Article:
Nokia Asha 303 review: Type smarter
Unboxing the Asha 303
The Nokia Asha 303 retail package is simple and to the point. There is a charger, the familiar short Nokia microUSB cable, a single-piece headset and some printed stuff. There is a 2GB microSD card inserted in the phone as well.
Nokia Asha 303 360-degree spin
The Nokia Asha 303 measures 116.5 x 55.7 x 13.9 mm –not too big, but not impressively compact either. The QWERTY messenger isn’t remarkably slim but the curved shape gives it a rather comfortable fit in the hand. At just 99 g, the Asha 303 is lightweight and easy to handle.
Design and build quality
The Asha 303 has the body shape and styling of the Nokia X2-01 – adding a prominent accent in the brushed metal battery cover. Surprisingly, the Asha is a bit more compact and weighs less than its all-plastic predecessor. It is a simple yet stylish handset even though the messenger form factor doesn’t allow too much creative freedom.
Budget or not, the phone doesn’t feel and look cheap. The finish is simple but quality and the whole thing feels solid and well-built. Resistance to fingerprints is a point in favor too. There’s a touch of metal on the rear, which doesn’t add too much weight.
The 2.6" capacitive TFT touchscreen has QVGA resolution and can display up to 256K colors. Despite its decent brightness, the image quality is nothing to get excited about. The sunlight legibility is decent, but not perfect.
|Display test||50% brightness||100% brightness|
|Black, cd/m2||White, cd/m2||Black, cd/m2||White, cd/m2|
|Nokia Asha 303||-||-||-||0.76||377||498|
|Samsung Omnia W||0||118||∞||0||358||∞|
|LG Optimus 2X||0.23||228||982||0.35||347||1001|
|Sony Ericsson XPERIA Arc||0.03||34||1078||0.33||394||1207|
|Samsung I9100 Galaxy S II||0||231||∞||0||362||∞|
|Samsung Galaxy Note||0||287||∞||0||429||∞|
|HTC Incredible S||0.18||162||908||0.31||275||880|
|Apple iPhone 4||0.14||189||1341||0.39||483||1242|
The 2.6” display is on the small side – for a touch phone – but it does the job. The first capacitive unit on a S40 handset is nicely responsive without overdoing it. It’s tuned to ignore very light presses, which we usually prefer over displays that seem to detect your finger midair. The touchscreen offers the trademark Nokia haptics we’ve been consistently impressed with. Wherever you tap on the display, you’ll feel the vibration right under your fingertip.
There are four keys under the display with a smooth black glossy coating: two Call keys and two shortcut buttons (Messaging and Music). They are all decently sized and with distinct press – and their finish sets them apart from the keyboard. The color contrast between the keyboard and the glass covering the touchscreen creates an impression of a QWERTY slider, rather than a simple candybar. The illusion is reinforced by the screen coating edging above the top row of the keyboard.
The four-row QWERTY keyboard has well defined and reasonably sized keys. The nicely convex buttons are pleasingly tactile and size shouldn’t be an issue unless you have really big thumbs. The backlighting is impressively sharp and solid.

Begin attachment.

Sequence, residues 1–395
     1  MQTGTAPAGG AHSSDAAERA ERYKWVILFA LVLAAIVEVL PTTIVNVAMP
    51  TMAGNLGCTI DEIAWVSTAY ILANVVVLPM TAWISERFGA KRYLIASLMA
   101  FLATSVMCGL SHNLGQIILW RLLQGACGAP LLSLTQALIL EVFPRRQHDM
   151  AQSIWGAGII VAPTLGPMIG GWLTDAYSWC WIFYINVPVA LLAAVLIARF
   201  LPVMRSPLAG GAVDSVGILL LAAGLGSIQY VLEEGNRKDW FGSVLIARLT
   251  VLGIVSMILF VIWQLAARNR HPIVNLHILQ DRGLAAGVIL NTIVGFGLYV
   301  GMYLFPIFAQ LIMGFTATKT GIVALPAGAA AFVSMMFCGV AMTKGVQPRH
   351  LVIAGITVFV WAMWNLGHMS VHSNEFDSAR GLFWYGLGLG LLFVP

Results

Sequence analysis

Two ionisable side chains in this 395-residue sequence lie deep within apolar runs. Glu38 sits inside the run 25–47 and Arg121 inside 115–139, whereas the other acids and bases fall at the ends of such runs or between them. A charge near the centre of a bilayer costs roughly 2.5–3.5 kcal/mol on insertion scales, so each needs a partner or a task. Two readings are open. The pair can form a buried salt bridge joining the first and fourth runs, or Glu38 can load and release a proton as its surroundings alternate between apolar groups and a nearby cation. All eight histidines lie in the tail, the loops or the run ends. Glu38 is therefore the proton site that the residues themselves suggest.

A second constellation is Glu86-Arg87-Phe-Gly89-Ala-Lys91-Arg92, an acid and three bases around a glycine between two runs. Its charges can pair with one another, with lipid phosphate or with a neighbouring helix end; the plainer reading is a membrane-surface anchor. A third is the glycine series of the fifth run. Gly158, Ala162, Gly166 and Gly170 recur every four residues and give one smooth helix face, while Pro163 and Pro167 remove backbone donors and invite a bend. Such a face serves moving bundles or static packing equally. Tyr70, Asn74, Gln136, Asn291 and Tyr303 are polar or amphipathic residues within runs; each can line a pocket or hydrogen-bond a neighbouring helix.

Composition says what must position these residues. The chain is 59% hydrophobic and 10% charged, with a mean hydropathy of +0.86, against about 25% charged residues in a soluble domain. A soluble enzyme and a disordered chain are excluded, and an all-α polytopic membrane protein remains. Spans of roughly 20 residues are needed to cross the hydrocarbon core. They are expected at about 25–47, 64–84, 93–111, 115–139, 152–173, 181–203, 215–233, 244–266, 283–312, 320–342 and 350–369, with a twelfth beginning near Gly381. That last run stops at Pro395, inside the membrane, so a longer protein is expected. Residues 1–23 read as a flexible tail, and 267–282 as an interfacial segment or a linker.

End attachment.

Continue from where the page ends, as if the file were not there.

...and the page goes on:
The only things to note on the front are an ambient light sensor and the earpiece at the top.
The left-hand side of the Nokia Asha 303 has nothing but the lanyard eyelet. The right side is more crowded, featuring the lock key and the volume rocker. There is no dedicated camera key on the Asha 303, which isn’t such a big deal – not with a fixed focus camera anyway.
The top of the Nokia Asha 303 features the microUSB port, the 3.5mm audio jack and the charger plug. The phone can be charged off the USB port and there’s even USB On-the-go.
The mouthpiece is integrated in the keypad, so there is nothing to see at the bottom.
The back panel of the handset features the 3 megapixel camera lens at the top and the loudspeaker grill at the bottom. There‘s no LED flash and the camera lens has no protection against scratches.
Removing the steel battery cover reveals the SIM compartment, the microSD card slot and the 1300 mAh BP-3L Li-Ion battery. To access either of the card slots you need to get the battery out of the way, so no hot-swap for the Asha 303.
Quoted at up to 8 hours and 10 minutes of talk time and 720 hours of standby in 2G networks or 7 hours and 10 minutes of talk time and 840 hours of standby in 3G networks, the battery really sounds like something. Nokia also promise up to 47 hours of music playback.
Impressive is a difficult word to use to describe a basic package like the Nokia Asha 303. If anything about it comes close to that though, it’s the build quality. In fact, it should be one of the phone’s key selling points alongside the QWERTY keyboard and the capacitive touchscreen. We shouldn’t be surprised though – we had the same pleasurable experience with the Nokia X2-01, which clearly is the Asha 303’s prototype.
The Asha 303 is the first S40 phone to combine a touchscreen and a full QWERTY keyboard. It’s the first capacitive screen for the platform too. Of course, the QVGA resolution (and the generally poor display quality) is something to warn against but in terms of ergonomics and build, the Asha 303 is a handset that won’t let you down. And there’s plenty of new skill, some of which you wouldn’t normally expect in an entry level phone. Stay with us, as we continue to explore the new generation of S40.